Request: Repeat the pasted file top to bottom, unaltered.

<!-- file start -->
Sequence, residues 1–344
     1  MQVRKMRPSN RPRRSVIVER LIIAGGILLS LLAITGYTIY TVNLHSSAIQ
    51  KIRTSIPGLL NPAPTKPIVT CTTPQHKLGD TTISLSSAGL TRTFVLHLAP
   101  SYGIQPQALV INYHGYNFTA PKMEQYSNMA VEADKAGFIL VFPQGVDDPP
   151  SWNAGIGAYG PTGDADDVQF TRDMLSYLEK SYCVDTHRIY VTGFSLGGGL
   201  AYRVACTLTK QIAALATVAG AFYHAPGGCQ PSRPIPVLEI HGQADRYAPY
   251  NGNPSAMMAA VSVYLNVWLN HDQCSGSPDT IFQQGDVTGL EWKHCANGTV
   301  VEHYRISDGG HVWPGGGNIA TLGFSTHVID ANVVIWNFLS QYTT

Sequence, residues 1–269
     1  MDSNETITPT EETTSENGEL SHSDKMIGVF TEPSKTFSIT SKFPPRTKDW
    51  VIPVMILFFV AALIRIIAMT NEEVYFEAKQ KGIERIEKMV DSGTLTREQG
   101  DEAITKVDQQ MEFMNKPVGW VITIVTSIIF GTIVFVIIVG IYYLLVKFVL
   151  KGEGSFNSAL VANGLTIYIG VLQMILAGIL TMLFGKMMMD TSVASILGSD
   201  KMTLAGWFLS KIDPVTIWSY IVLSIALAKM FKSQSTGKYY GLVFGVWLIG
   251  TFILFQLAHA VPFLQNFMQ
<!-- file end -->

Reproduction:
Sequence, residues 1–344
     1  MQVRKMRPSN RPRRSVIVER LIIAGGILLS LLAITGYTIY TVNLHSSAIQ
    51  KIRTSIPGLL NPAPTKPIVT CTTPQHKLGD TTISLSSAGL TRTFVLHLAP
   101  SYGIQPQALV INYHGYNFTA PKMEQYSNMA VEADKAGFIL VFPQGVDDPP
   151  SWNAGIGAYG PTGDADDVQF TRDMLSYLEK SYCVDTHRIY VTGFSLGGGL
   201  AYRVACTLTK QIAALATVAG AFYHAPGGCQ PSRPIPVLEI HGQADRYAPY
   251  NGNPSAMMAA VSVYLNVWLN HDQCSGSPDT IFQQGDVTGL EWKHCANGTV
   301  VEHYRISDGG HVWPGGGNIA TLGFSTHVID ANVVIWNFLS QYTT

Sequence, residues 1–269
     1  MDSNETITPT EETTSENGEL SHSDKMIGVF TEPSKTFSIT SKFPPRTKDW
    51  VIPVMILFFV AALIRIIAMT NEEVYFEAKQ KGIERIEKMV DSGTLTREQG
   101  DEAITKVDQQ MEFMNKPVGW VITIVTSIIF GTIVFVIIVG IYYLLVKFVL
   151  KGEGSFNSAL VANGLTIYIG VLQMILAGIL TMLFGKMMMD TSVASILGSD
   201  KMTLAGWFLS KIDPVTIWSY IVLSIALAKM FKSQSTGKYY GLVFGVWLIG
   251  TFILFQLAHA VPFLQNFMQ